Saudi Arabia announces $1.5 billion in new aid for Yemen


The Saudi-led coalition on Saturday announced the interception of a ballistic missile fired from Yemen in a fresh attack by Houthi militias targeting Saudi border cities.

The coalition pledged funding of 40 million USA dollars for the expansion of ports to accommodate additional humanitarian shipment, adding that it would set up an air corridor between Riyadh and the central Yemeni province of Marib to run multiple aid flights of C130 cargo planes.

The expansion of ports will be supported with up to Dollars 40 million from the Saudi-led coalition.

"$1.5bn in new humanitarian aid funding for distribution across United Nations agencies and worldwide relief organisations", the coalition announced in a statement.

The USD 2.96 billion will be used to respond to an ever- broadening crisis in Yemen, where war, looming starvation and cholera have killed thousands and put millions of lives at risk.

Russian Federation halted its diplomatic presence in Yemen last month because of the deepening conflict and Moscow has previously expressed concern about strikes by the Saudi-led coalition.

Saudi Arabia leads a military coalition that intervened in Yemen in 2015 with the stated aim of rolling back Huthi rebel gains and restoring the country's "legitimate" government to power. Yemen imports about 90 per cent of the country's staple food and almost all of its fuel and medicine, according to the UN.

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The conflict has killed nearly 10,000 people and left more than two million displaced. The Office of the High Commissioner for Human Rights reported a year ago that airstrikes remained the single largest cause of civilian casualties.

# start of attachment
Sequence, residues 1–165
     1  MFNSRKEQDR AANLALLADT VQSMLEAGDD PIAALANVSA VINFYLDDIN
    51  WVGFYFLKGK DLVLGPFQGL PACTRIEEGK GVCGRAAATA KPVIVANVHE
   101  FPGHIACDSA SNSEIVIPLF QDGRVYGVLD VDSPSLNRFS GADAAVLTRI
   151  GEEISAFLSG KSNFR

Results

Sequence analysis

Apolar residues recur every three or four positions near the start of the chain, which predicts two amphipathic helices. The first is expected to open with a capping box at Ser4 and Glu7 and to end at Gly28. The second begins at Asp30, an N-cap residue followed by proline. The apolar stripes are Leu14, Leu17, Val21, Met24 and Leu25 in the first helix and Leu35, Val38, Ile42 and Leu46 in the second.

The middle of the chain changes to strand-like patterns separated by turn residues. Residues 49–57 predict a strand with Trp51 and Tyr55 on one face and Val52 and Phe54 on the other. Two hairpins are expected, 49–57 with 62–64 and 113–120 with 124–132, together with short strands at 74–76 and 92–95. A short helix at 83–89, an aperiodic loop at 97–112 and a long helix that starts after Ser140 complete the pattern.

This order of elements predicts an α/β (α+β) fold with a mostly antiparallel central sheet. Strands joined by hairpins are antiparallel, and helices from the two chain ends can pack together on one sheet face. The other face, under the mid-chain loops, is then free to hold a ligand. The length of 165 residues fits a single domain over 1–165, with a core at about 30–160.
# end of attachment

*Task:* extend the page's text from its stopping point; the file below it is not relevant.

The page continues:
Three quarters of the population - 22.2 million people - need humanitarian assistance, including 11.3 million people in acute need who urgently require assistance to survive.

DW notes that German arms exports to Saudi Arabia totalled nearly $550m in 2017.

Germany on Friday said it will not approve arms exports to countries involved in the conflict.

The US, which has provided logistical and intelligence support to the coalition and supplied it with weapons, last month called on Saudi leaders to immediately allow in all humanitarian aid.

Aid groups that say coalition airstrikes are destroying critical infrastructure and that the coalition needs to do more to facilitate the delivery of staple goods at Yemen's ports.

With most of the country lacking access to safe water and sanitation, more than 1 million suspected cases of cholera and more than 2,230 deaths were reported in Yemen previous year, according to the World Health Organization. The kingdom, however, has not disclosed how much it spends on the war in Yemen.